Coconut fruits grow on a Cocos nucifera tree, otherwise known as a coconut palm. The slender, ringed tree trunk reaches heights up to 80 feet, with a swollen base and a crown of giant leaves that splay outward like feathers. Coconuts reach maturity after about a year of ripening, with each tree yielding from 50 to 100 fruits annually.
Encyclopedia Britannica notes that coconut palms grow in tropical environments and thrive when planted close to water, preferably a few feet above high water areas with circulating groundwater and heavy rainfall. Young palms start bearing fruit about five to six years after the seedlings are planted, and it takes them approximately 15 years to fully mature. Most coconut palms reach the end of their fruit-bearing capacity after about 50 years.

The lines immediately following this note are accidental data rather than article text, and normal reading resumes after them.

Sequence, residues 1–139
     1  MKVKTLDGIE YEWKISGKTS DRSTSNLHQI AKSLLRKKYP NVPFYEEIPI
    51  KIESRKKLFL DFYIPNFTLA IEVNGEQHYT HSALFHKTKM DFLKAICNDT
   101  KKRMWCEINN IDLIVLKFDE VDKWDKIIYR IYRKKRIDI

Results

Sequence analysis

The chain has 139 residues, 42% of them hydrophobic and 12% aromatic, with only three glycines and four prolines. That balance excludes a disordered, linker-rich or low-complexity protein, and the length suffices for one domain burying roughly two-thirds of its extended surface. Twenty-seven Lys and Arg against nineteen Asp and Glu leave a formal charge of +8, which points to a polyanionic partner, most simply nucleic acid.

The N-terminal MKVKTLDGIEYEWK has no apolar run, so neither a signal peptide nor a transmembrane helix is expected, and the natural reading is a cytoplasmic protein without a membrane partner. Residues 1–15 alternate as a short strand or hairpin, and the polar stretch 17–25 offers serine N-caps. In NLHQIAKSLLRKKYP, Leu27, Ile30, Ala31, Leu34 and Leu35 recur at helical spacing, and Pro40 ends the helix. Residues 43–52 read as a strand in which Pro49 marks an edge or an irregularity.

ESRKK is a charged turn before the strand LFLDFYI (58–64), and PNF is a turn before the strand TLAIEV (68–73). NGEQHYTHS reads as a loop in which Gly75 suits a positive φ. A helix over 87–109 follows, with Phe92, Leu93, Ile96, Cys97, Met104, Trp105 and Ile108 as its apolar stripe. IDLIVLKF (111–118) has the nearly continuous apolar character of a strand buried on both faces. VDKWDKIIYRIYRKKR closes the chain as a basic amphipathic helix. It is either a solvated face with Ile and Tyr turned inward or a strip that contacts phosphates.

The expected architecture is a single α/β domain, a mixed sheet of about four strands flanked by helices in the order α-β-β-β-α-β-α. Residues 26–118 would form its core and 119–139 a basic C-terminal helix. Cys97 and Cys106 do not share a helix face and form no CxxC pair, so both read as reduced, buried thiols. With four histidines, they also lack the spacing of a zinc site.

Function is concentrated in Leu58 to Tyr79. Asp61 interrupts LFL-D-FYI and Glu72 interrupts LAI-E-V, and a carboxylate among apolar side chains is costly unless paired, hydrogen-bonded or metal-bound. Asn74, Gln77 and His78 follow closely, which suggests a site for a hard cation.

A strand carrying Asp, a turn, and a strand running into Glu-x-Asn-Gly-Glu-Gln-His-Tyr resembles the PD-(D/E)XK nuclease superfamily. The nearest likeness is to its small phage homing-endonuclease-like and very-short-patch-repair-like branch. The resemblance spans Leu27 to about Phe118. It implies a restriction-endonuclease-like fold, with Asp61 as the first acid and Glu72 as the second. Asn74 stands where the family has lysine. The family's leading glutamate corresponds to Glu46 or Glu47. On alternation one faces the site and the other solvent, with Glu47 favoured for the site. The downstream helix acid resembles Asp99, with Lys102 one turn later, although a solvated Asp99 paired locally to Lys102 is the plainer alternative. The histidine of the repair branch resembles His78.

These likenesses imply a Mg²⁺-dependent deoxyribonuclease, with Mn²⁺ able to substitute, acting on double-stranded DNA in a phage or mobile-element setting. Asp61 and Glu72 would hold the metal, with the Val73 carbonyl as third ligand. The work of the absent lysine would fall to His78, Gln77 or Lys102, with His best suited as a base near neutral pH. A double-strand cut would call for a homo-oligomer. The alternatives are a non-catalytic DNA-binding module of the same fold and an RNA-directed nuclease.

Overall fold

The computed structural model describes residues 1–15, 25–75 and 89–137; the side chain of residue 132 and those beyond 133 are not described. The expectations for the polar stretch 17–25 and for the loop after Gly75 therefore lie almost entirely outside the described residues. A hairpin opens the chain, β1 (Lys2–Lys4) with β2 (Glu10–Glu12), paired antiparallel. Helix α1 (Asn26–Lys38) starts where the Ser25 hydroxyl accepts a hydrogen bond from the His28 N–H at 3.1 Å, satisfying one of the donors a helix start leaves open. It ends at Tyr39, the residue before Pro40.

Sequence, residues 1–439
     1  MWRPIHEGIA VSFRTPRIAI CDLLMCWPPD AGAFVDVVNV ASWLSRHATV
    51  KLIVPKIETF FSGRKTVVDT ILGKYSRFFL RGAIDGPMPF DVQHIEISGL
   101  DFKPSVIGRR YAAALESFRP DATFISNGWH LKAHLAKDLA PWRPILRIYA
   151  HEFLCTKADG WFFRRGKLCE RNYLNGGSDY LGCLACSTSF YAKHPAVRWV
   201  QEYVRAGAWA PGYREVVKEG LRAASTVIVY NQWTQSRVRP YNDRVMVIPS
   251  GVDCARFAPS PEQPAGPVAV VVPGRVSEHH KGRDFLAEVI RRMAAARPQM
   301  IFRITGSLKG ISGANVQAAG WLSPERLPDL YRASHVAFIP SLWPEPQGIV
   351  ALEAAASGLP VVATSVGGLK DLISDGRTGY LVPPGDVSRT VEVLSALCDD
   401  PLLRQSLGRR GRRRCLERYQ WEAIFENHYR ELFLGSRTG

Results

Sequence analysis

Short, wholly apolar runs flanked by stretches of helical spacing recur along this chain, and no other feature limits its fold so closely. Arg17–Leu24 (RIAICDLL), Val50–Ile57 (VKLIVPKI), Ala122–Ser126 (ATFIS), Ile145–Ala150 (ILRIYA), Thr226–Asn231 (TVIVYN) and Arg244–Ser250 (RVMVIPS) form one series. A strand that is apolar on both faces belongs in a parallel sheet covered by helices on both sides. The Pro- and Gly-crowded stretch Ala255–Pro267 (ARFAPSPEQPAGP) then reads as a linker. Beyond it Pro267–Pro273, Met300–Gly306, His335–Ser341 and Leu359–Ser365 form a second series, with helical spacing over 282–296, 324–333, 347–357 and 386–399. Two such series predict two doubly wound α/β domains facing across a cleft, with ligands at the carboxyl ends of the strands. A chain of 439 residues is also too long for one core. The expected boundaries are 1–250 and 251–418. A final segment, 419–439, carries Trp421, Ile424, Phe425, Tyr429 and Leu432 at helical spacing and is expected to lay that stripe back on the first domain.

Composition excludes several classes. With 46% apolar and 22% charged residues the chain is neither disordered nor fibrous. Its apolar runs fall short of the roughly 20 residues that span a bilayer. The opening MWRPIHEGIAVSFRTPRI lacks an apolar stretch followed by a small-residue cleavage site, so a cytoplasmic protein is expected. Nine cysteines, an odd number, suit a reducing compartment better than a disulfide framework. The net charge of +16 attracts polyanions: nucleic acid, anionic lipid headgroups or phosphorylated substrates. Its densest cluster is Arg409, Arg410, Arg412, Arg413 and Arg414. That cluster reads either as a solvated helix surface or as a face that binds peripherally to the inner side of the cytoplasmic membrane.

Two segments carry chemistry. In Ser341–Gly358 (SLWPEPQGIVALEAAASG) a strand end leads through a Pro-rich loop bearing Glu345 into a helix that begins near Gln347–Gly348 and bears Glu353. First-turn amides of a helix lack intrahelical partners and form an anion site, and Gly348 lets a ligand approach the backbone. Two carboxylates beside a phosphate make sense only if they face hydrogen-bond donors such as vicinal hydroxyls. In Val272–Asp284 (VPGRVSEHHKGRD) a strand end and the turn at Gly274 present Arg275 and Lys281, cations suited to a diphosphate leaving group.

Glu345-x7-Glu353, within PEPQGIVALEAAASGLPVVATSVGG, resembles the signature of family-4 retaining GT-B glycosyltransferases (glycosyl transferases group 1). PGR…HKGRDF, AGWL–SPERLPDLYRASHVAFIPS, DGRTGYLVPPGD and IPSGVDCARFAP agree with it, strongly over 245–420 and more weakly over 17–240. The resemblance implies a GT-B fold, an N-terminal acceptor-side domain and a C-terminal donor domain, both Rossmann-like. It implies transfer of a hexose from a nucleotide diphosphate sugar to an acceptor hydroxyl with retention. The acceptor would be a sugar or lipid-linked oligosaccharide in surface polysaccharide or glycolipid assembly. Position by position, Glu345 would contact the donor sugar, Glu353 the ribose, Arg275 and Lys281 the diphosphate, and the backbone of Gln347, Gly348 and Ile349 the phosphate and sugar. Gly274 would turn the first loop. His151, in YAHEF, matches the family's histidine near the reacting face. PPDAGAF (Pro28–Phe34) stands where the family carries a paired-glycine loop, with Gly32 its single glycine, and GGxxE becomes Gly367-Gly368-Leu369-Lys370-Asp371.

One of the most valuable commodities produced from the meat of coconuts is copra, which is used to produce coconut oil, the world's top-ranking vegetable oil, according to Encyclopedia Britannica. Coconut oil is an important export of Indonesia and the Philippines. The husk of the coconut produces hoir, a fiber used to make rope, baskets, brushes and mats that are part of daily life in tropical locations. The trunk of the tree itself is often used in the construction of huts and cabinets.